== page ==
DREAMS COME TRUE AT CLOUDBREAK
News provided by ASP World Tour on 29 May 2005
THE forecast swell jumped with a vengeance today, providing an exciting and challenging 5-8’+ forum for the second round of the Globe WCT Fiji. The world famous left-hand reef break took us through as many varied faces as the 32 surfers who contested the critical quick-death round, blessing some and damning others, but for some, including trials wildcard Pete Mendia (USA) and injury alternative Guilherme Herdy (BRZ), dreams came true as they marched on to tomorrow’s round three showdowns.
Florida’s Mendia took down Tom Whitaker (AUS), whilst Herdy had the distinction of getting by goofy guru Mark Occhilupo (AUS) inthe hollow lefts, but the results for the day otherwise contained few upsets, heat winners simply those that read the ever-changing conditions wisely and adapted their surfing accordingly. It was usually the elder more experienced combatants who won through.
Mendia’s dreams continued beyond the clouds defeating Whitaker in the second exchange of the day, after former world champion CJ Hobgood had comfortably disposed of popular local wildcard Isei Tokovou to begin a long hot day in the sun. Mendia’s strong turns, linked with flow in successfully ducking for intermittent cover under hollow sections, left Whitaker needing over eight points, a typical scenario in today’s conditions.
Herdy and Occhilupo both started with long open pits to begin their heat four exchange, earning equal scores of 8.33, but the gregarious Brazilian capitalised on staying calm and founding a better rhythm. It was a sweet victory, not just in beating every goofy’s hero in Occy, but in a statement of his undoubted talent.
The Brazilian suffered a cruel fate at season’s end last year, bundled from the Foster’s Top 45 after incurring a knee injury in round three whilst critically chasing a top end result in the Pipeline Masters to re-qualify. He has obviously put that frustration behind himself, and we’ll hopefully see him back on the Foster’s Men’s World Tour next year. He showed typical forehand pit savvy today.
“ It was a great heat!” bubbled Herdy later, his blue eyes characteristically wide open with stoke and sincerity.
“Occy started with an 8.33 and just behind him I got a nice barrel, also a 8.33. Then I was back outside, and Occy got a bad wave. I paddled for the wave after his and got a nine for a nice barrel, and then I was just trying to surf and close the heat.”
“Occy needed a nine, so he tried to get a set but the waves didn’t happen for him. I got another seven for a nice barrel and was so, so, so happy. Dreams do come true!” beamed Herdy.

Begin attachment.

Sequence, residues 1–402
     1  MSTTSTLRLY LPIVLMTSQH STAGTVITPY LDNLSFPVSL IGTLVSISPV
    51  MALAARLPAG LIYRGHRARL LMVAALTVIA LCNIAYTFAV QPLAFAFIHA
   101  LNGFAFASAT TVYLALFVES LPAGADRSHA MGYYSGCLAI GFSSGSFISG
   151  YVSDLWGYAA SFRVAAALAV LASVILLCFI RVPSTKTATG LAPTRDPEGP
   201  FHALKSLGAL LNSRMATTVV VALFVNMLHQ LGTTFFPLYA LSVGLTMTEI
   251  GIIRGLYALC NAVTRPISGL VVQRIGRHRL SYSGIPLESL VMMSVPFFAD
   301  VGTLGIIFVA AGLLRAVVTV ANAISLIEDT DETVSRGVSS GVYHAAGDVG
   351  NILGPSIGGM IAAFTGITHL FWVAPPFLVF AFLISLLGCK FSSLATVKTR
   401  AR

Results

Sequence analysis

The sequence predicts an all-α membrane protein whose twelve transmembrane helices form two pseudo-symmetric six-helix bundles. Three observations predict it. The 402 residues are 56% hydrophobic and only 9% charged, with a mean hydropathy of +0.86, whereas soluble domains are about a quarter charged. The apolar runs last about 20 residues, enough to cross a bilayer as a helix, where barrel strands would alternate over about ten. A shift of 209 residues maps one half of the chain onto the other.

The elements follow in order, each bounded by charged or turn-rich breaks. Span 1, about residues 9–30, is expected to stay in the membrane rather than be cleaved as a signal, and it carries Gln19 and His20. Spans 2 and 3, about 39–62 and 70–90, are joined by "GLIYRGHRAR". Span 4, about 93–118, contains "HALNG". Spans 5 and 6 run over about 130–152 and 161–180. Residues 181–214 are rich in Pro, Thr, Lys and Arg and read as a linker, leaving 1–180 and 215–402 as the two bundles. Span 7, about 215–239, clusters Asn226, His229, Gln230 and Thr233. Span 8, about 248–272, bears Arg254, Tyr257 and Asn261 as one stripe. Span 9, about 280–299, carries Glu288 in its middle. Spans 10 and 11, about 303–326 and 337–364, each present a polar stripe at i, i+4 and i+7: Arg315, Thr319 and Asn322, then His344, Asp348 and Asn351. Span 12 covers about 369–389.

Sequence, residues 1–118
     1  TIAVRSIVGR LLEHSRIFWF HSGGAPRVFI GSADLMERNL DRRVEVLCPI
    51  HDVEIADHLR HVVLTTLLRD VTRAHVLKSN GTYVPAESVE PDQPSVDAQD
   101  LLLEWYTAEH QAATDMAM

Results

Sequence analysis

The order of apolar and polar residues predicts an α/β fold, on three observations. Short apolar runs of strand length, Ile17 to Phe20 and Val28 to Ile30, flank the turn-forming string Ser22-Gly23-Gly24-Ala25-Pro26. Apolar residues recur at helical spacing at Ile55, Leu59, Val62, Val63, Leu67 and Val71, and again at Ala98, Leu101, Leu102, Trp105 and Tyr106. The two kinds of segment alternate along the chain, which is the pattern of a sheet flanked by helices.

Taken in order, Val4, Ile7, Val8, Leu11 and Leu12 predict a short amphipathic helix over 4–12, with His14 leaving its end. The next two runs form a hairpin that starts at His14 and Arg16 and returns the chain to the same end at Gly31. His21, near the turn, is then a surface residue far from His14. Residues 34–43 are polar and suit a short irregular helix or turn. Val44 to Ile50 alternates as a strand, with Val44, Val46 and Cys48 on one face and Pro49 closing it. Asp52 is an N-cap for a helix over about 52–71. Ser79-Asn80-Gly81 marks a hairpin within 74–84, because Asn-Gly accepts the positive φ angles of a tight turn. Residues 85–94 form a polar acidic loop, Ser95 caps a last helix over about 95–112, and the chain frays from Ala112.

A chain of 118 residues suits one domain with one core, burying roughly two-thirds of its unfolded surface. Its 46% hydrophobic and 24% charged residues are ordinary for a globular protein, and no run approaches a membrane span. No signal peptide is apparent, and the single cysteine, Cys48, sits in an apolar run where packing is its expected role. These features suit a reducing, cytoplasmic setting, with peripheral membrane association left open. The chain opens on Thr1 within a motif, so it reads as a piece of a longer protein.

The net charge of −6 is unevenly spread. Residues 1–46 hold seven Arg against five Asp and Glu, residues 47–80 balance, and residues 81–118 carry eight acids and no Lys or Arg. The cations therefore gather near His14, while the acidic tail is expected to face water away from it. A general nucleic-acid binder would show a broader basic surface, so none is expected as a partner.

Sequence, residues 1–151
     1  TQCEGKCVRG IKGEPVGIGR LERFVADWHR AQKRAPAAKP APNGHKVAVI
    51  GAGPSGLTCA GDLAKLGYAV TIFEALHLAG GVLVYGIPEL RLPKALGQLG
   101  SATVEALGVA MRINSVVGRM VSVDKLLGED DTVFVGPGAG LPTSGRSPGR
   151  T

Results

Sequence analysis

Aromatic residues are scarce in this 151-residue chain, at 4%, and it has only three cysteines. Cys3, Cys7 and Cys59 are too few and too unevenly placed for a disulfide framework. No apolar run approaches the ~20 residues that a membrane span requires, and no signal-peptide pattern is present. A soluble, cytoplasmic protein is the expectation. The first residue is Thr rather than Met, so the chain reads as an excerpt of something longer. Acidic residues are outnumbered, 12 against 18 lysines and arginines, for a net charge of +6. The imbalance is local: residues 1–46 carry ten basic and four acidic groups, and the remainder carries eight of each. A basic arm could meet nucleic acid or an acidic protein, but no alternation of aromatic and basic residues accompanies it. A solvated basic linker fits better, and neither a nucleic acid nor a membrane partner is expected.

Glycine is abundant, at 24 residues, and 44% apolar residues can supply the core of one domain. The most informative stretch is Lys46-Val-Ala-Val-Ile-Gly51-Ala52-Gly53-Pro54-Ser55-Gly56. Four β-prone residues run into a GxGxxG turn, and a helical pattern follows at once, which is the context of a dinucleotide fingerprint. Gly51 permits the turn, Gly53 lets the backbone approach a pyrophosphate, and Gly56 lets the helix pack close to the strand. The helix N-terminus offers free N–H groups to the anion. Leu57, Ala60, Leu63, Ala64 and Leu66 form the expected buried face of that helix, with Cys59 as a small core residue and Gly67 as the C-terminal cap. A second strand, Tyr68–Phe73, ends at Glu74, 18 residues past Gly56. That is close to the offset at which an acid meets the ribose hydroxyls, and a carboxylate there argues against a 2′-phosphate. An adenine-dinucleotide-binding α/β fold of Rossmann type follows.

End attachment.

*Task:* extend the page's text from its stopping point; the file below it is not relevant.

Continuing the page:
After a long lull and then a late wave that failed to open up, denied Occhilupo of any chance of banking the 9.01 that he needed to reverse the pending result, the ocean slapped him further a few seconds after the hooter by providing him one of the best waves of the day to come in on. It was a 9.5+. Such is the sea.
Guilherme has drawn reigning World Champion Andy Irons in tomorrow’s round three schedule of this the fourth fixture of the Foster’s Men’s World Tour. If the event is back at Cloudbreak his chances against the champ cannot be denied, but if it’s at Restaurants, perhaps Andy’s genius has a better chance of shining. It will be interesting.
Other standouts today included the stylish Daniel Wills (AUS) who had his tight and polished act honed in ousting Globe trials wildcard Luke Hitchings (AUS), and Bruce Irons who continued in distinctive form giving his brilliant best to every section that came at him against Shea Lopez who had a couple of good turns, but generally had trouble sparking up in the less than desirable waves that he was left.
Two of the better pits of the afternoon were bagged by Raoni Monteiro (BRZ), in his heat against Australia’s Troy Brooks, and by Tim Curran (USA), who basically waxed Brazil’s Marcelo Nunes, yet again looked hesitant in his wave choice. Curran’s wide-armed stance deep in the groins of a long pitching section on his second last wave was timeless, but unfortunately the judges, looking on from the reef tower could not assess what he was up to behind the cascading curtain. If they had, it perhaps might have been a still higher score.
With no disrespect to a solid enough performance from Brooks, Monteiro had one of those heats that he presumably just wasn’t supposed to win. He had several waves where he was slotted position wise, but needed some stalling tactics to properly park in the pit. On another he was indeed deep, but then appeared to bail when it looked like he need not have. It was later revealed that back there in the green room, he had heard and felt the sickening sound of the entire bottom of his board de-laminating, foam exposed from nose to tail. No wonder he looked like he put the brakes on.